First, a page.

Bruce Reed’s The Dynamics of Religion is a fascinating psycho-social study of the role of religion in enabling people to live in and face the realities of the world and contribute in meaningful ways to society. Reed draws heavily on a psychological model of oscillation, a theory positing that humans regularly cycle between stages of extra-dependence and intra-dependence, and argues that the liturgy and collective worship of the Church function as a stage of extra-dependence for Christians who are out living and working in the world each week. Their ability to contribute to the flourishing of the worlds they inhabit depends on whether corporate worship meets the needs of the extra-dependence stage.
Proper worship – and Reed rather unapologetically considers the 1662 Book of Common Prayer Communion service to meet the criteria for ‘proper’ worship – is essential if Christians are to face the world of their experience and live faithfully within it. For Reed, whether or not an act of worship meets the needs of the worshipper in extra-dependence is
manifested in its results – in the welfare of the social system in which it is practised, and in the development of that social system in response to the challenge of new conditions, its enrichment, its enlightenment and its enjoyment… Our conclusions must always submit to the test of what happens outside the church… Members of the local church…had better concentrate on worshipping God in church and on the priestly and pastoral work which promotes this, so that outside they will be prepared to become wholly absorbed in being occupied with the affairs of humanity (112-113).
If the purpose of worship, then, is to meet the needs of believers in extra-dependence and equip them for the stage of intra-dependence, why is so much of the Church’s life taken up with extra activities, Reed asks? From social events to Bible studies to institutional boards and programmes, ‘we need to ask why the churches in our time sprouted these multifarious activities when compared with churches from past centuries’ (114). Reed theorises that in a post-Christendom age, the Church demands more of its members as it becomes one institution among many others competing for people’s loyalties. Thus this proliferation of groups and activities serves both a manifest and a latent function:
The manifest function of the activities of the local church apart from those devoted to worship, the preaching of the Word and the ministry of the sacraments, and pastoral care in times of transition or crisis, is to edify and maintain the members of the church, but their latent function may be to preserve it against assaults and erosions caused by forces originating from the environment (115).
But this attempt to protect the members of the Church, Reed notes, prevents a church from fulfilling its proper function, ‘to facilitate the oscillation process in order that the social environment might exhibit the marks of well-being and development’ (115). He concludes that
the function of the local church which facilitates interaction with the environment is of more importance than the function which turns the church members in on themselves, however spiritual and worthy those activities may be. In this light, the present day activist church programmes are more like reactions to contemporary pluralistic sub-cultures than the growth of new insights into the mission of the people of God (115).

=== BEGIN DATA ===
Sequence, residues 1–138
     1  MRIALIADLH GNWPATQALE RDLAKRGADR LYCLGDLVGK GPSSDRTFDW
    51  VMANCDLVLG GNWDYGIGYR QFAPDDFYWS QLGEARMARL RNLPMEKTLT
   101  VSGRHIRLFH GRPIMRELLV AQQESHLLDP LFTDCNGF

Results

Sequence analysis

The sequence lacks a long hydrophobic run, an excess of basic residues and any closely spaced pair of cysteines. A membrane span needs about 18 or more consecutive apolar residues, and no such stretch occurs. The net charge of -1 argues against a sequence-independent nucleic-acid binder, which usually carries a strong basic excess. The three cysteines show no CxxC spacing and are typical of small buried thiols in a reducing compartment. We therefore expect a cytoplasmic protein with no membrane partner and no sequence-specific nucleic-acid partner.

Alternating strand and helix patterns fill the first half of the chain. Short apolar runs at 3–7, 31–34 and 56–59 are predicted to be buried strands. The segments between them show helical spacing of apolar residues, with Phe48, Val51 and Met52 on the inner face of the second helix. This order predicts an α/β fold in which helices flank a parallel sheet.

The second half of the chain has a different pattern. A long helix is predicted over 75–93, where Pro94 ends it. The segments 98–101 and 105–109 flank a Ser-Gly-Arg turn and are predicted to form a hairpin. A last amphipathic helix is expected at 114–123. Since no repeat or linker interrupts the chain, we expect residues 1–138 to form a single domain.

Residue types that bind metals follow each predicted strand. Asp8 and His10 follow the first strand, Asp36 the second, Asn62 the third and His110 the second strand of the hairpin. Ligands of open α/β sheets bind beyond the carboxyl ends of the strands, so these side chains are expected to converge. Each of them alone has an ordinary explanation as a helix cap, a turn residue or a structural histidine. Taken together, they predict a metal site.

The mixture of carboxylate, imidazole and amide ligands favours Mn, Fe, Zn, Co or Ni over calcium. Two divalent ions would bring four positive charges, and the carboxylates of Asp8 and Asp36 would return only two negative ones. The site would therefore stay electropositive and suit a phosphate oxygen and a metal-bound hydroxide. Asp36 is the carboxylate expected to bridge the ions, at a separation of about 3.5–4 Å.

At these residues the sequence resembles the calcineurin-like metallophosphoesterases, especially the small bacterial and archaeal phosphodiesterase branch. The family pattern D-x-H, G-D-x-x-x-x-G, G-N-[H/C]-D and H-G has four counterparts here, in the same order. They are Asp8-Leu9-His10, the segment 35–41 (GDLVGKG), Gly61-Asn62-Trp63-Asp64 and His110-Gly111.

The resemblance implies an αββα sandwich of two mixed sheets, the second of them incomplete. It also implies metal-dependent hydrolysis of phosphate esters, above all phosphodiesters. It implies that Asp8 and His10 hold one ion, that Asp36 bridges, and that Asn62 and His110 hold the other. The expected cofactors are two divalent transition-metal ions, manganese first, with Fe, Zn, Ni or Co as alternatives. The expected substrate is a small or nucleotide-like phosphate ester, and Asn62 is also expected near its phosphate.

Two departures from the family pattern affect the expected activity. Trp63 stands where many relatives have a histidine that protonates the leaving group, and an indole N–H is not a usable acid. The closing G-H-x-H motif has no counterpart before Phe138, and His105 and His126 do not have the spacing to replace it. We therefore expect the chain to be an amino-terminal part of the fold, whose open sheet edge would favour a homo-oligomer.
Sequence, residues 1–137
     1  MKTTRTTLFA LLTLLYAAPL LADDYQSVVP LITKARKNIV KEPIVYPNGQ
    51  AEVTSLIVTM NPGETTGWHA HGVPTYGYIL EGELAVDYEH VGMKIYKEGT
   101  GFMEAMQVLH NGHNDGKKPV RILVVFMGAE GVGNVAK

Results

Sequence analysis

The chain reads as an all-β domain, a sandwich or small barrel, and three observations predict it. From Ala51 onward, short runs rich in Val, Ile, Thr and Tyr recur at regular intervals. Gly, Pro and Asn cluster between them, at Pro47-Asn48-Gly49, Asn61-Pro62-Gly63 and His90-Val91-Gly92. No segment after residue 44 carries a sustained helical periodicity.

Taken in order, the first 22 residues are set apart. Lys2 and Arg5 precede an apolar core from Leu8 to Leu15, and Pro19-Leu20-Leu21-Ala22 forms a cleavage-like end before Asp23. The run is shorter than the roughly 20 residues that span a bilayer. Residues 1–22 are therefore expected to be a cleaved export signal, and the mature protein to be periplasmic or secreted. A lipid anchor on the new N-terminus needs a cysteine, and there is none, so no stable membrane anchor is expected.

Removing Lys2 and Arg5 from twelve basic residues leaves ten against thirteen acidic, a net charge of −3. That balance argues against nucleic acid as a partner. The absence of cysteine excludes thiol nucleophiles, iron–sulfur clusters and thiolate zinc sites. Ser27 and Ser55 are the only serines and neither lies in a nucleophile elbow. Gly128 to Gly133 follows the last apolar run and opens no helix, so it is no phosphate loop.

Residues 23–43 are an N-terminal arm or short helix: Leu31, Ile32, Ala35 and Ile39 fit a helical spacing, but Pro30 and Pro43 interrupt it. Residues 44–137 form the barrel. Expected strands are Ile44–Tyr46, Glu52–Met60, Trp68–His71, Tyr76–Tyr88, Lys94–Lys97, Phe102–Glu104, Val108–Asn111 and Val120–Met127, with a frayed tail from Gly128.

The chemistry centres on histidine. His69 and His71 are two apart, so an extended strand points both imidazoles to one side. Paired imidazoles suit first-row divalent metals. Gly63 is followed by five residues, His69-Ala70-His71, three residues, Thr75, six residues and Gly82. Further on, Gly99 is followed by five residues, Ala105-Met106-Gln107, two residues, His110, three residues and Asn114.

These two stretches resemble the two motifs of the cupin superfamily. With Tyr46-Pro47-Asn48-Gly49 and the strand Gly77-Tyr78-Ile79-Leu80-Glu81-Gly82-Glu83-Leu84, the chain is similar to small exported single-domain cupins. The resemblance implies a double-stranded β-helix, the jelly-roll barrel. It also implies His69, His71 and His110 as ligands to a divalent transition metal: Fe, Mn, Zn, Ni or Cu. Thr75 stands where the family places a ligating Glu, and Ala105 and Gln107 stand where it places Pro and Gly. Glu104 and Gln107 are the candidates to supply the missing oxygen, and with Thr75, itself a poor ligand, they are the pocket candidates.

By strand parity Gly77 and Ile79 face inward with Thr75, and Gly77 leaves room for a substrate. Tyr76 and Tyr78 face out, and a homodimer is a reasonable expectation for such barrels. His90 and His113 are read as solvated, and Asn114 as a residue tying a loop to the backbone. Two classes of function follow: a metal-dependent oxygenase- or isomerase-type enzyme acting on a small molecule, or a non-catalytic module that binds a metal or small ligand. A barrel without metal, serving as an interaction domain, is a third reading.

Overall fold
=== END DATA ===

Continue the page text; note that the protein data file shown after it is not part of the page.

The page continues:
I have been in – and, I must not fail to add, benefited in many ways from – contexts where the activities of a particular parish or local church can easily absorb a person’s non-working life. Even in those times free from organised activities, parishioners are often encouraged to be in each other’s homes, continuing to deepen their fellowship. On the one hand, I understand the concern many churches have that life spent outside the body of believers, with the exception of that given over to evangelism, can have a corrosive effect. But at the same time, I think what Reed says has much to commend; to borrow from Alexander Schmemann, the Church exists for the life of the world, not for itself.
The key then, for Reed, is the liturgy. His argument is not that we abandon all the activities of church life, only that we reassess the demands our churches place on parishioners’ lives and whether those are detrimental to their calling to make known the presence of the kingdom of God in all their spheres of life. What is most important is that the content of our worship be carefully examined. If we are going to pray at the end of each service, ‘Send us out in the power of your Spirit to live and work to your praise and glory’, then the Church needs to work to ensure its worship adequately equips believers to do just that. In this way, we can be confident that what we receive in the stage of extra-dependence will form us and sustain us for the stage of intra-dependence.
There is much more to say here; I would be particularly interested, for example, to know what Reed would think of what Rod Dreher has termed the ‘Benedict Option‘. But the point is simply that churches must release Christians to fulfil their calling to make known the kingdom. And if we truly believe that God is at work through the means of grace, we should be willing to let them go, confident that the Spirit that has worked in them will also work through them.